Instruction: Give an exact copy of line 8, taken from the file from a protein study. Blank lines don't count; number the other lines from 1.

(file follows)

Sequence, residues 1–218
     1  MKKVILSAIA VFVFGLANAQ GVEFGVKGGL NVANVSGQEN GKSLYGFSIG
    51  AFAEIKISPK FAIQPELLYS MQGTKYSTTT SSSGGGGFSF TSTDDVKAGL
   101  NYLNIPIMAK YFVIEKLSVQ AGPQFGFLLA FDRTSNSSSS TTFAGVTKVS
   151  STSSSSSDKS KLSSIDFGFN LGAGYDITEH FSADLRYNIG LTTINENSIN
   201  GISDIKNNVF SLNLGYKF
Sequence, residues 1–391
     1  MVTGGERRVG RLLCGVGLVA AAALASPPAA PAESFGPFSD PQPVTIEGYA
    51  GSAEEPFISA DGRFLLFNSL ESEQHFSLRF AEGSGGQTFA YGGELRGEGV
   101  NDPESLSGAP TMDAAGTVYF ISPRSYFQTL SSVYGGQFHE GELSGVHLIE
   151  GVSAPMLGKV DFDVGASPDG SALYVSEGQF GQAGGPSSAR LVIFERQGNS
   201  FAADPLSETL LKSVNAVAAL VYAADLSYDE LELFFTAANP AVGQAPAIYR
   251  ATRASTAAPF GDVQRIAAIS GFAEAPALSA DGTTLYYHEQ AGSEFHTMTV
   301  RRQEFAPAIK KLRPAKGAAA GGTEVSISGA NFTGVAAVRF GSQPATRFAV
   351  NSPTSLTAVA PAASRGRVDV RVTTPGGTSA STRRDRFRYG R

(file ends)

     1  MVTGGERRVG RLLCGVGLVA AAALASPPAA PAESFGPFSD PQPVTIEGYA